Only trusted comments are displayed on this page. Untrusted comments have expired from this story.

  1. The question could be answered by the same way ALL schools are being held accountable: "looking at the data." How are the Edison Schools doing in the USA, are they consistantly meeting NCLB and Growth Model Standards? That should be the REAL calculation.

    Although Edison Schools here in Clark County are highly rated by their clients, parents and students, which is subjective, it is the actual RESULTS that should be the determining factor. There have been enough years to track student growth/progress, and either these students have succeeded in achieving the standards or they have not.

    The greatest factor the school district struggles with and just can't seem to get a handle on, are the students' home life/parents. That is the insurmountable factor that plagues every underperforming student that typically school employees just throw their hands in the air in despair saying there is nothing they can do about it.

    There is an answer to this insurmountable factor, and Superintendent Jones was hot on the trail when he began reclaiming lost students through HOME VISITS. Invest in THAT! In my own experiences, building that bond creates true care and investment returns in student growth: in both academic and social success and achievement. Students have increased growth and behavioral issues are put in check.

    PARENTS are a child's first and lifelong teacher. Let's do what we can to support them.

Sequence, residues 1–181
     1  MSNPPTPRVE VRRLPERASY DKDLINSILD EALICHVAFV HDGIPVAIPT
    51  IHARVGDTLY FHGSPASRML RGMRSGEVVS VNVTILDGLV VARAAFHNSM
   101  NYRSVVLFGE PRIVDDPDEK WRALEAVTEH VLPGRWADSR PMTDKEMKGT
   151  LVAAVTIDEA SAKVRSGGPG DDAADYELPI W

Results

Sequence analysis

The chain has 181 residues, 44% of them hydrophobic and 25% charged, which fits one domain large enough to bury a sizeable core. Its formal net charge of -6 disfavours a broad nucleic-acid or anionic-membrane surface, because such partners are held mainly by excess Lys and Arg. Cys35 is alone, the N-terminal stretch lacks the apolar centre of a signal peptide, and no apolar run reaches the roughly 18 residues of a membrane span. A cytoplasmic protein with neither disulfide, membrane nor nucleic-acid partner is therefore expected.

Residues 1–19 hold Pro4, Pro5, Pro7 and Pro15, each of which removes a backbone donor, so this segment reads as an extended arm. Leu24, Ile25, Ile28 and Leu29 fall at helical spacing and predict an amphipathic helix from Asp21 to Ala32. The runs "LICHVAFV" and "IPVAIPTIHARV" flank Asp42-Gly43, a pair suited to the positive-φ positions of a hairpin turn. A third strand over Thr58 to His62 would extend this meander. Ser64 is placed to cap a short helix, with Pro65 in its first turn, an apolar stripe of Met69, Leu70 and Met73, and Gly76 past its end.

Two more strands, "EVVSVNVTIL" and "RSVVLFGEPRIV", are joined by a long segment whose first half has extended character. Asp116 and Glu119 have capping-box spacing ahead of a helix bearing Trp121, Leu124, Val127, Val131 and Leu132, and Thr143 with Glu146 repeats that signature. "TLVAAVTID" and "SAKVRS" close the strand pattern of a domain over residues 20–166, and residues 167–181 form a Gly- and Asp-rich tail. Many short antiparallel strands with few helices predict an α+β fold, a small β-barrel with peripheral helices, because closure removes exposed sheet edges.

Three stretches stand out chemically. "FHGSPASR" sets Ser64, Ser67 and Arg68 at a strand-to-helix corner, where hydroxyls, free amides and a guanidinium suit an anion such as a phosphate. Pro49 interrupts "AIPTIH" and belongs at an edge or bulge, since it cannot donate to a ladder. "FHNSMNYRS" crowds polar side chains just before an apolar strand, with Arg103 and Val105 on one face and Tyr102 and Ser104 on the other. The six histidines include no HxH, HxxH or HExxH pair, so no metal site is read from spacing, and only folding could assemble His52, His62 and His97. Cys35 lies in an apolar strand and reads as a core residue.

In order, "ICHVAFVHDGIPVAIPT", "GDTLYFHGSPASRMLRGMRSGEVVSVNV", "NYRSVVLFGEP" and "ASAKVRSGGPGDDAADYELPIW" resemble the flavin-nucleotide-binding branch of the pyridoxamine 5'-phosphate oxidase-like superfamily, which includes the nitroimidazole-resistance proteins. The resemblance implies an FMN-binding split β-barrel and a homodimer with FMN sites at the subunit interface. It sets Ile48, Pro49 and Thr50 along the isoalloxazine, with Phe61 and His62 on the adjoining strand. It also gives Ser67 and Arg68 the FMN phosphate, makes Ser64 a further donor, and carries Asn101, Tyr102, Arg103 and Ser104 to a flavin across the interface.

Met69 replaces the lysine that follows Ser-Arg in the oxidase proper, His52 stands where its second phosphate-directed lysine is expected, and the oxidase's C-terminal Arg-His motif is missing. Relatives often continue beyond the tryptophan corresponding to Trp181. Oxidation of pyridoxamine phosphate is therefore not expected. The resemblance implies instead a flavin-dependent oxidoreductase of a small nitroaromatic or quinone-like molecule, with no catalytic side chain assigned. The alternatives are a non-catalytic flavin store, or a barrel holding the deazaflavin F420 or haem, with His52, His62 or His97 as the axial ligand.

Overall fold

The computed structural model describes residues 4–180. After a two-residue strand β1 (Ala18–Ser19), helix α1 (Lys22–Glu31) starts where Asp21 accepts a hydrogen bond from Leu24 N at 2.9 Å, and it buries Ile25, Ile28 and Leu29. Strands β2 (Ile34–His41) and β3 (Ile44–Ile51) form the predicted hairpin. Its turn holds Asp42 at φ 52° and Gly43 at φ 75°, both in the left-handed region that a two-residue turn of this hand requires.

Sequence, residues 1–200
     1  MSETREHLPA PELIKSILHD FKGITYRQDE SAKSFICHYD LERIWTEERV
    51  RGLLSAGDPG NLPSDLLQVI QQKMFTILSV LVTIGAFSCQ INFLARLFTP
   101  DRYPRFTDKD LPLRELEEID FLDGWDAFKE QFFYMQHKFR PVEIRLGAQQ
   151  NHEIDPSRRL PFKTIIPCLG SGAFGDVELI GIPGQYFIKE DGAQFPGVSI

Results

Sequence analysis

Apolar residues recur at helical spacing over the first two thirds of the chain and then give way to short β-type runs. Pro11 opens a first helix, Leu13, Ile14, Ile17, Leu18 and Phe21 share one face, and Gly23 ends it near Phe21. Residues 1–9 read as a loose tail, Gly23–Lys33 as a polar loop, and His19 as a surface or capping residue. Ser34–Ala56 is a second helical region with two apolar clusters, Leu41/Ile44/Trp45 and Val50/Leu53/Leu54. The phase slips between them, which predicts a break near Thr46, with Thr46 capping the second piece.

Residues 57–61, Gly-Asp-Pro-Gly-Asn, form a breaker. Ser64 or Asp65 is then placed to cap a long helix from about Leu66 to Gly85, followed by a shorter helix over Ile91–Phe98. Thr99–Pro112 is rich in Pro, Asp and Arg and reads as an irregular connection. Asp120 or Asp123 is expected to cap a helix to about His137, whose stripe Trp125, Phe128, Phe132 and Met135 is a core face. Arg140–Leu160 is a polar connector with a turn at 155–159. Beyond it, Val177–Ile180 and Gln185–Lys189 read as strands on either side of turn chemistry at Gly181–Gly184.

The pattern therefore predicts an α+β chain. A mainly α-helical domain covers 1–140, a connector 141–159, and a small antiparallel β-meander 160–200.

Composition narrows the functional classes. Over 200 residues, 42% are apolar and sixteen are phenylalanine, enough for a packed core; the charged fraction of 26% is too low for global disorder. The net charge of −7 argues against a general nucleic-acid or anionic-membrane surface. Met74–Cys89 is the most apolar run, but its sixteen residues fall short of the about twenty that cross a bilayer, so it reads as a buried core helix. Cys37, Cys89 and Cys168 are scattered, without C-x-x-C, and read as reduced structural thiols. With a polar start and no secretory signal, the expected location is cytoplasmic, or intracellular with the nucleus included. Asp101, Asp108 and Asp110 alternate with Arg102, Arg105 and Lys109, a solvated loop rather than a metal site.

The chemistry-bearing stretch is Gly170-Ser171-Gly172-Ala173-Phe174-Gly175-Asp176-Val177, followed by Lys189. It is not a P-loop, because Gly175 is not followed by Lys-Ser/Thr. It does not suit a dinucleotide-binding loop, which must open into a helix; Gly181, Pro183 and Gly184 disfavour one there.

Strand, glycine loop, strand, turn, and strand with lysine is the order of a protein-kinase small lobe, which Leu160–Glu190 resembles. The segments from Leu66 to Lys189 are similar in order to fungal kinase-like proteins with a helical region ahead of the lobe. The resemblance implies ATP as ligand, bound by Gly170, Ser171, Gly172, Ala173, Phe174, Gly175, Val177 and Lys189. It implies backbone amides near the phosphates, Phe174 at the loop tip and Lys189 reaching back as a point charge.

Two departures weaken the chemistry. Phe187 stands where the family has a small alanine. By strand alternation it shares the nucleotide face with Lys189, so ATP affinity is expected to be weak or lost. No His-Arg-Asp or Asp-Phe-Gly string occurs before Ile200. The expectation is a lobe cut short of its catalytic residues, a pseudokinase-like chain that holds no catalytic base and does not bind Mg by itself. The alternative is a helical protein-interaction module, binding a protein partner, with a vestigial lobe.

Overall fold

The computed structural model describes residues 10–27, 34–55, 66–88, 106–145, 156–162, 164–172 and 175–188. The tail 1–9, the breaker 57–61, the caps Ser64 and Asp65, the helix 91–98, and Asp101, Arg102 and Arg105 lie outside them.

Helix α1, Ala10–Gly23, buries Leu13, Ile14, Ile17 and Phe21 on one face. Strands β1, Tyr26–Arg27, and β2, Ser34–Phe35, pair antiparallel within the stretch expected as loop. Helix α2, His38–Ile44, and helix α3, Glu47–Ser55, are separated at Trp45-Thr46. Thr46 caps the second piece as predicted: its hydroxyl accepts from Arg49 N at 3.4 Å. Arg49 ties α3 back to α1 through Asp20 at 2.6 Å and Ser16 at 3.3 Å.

Blessings and Peace,
    Star

  2. Isn't it a no-brainer to cut expensive programs that aren't working? They want to pay teachers less because kids can't pass tests, but they're putting money in a for-profit when students are not achieving?

    Absolutely, parents should be listened to, but the board also must consider that if a parent is involved, his or her kid is probably progressing, and therefore he or she is likely to be happy with the status quo.

    Try asking the teachers, both the ones there and the ones who've left. They are the professionals. Some may have seen the change from regular CCSD to Edison. They can give you a more detailed and relevant response than parents.

  3. What is wrong with this picture? The District is paying millions of dollars for marginal private sector education programs and they still plan to renew the contracts and ask for a bigger bang for their buck?
    Does this sound like the aggressive Dr. Jones we are coming to know and love? Talk of eliminating support staff jobs, calling for cuts from teachers, pronouncements of doom if teachers don't give concessions, yet the school board would continue to fund programs which are overall not very successful?
    Why? Because parents and students claim they like them even if they are not producing? The "data model" and teacher meetings are pretty much standard in the district now.
    Surely Dr. Jones would not allow cronyism anywhere in the district, would he?

  4. If I read the article correctly I believe it went like this.
    Parents approval---check
    Teacher approval---check
    Marginal gains but there are gains---check
    So tell me what is the problem?

  5. I have several questions about the parent survey. Who wrote the survey? If it was Edison, I would be concerned about the support. How many surveys were returned, and who returned them? Did only parents whose kids were doing well return the surveys? Which is more important, happy parents, or test results?